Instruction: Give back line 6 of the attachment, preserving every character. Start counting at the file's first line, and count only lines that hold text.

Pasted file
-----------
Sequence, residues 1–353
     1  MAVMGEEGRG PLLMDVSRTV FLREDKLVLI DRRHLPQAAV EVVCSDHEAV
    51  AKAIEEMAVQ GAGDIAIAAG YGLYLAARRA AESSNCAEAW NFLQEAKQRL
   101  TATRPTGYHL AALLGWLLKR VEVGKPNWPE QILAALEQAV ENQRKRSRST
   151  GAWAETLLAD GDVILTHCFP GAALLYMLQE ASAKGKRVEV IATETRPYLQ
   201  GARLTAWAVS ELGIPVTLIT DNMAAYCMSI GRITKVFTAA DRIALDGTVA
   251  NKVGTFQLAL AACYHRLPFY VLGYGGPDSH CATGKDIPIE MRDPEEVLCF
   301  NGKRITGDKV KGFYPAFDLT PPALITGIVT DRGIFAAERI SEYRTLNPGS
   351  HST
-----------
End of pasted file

   201  GARLTAWAVS ELGIPVTLIT DNMAAYCMSI GRITKVFTAA DRIALDGTVA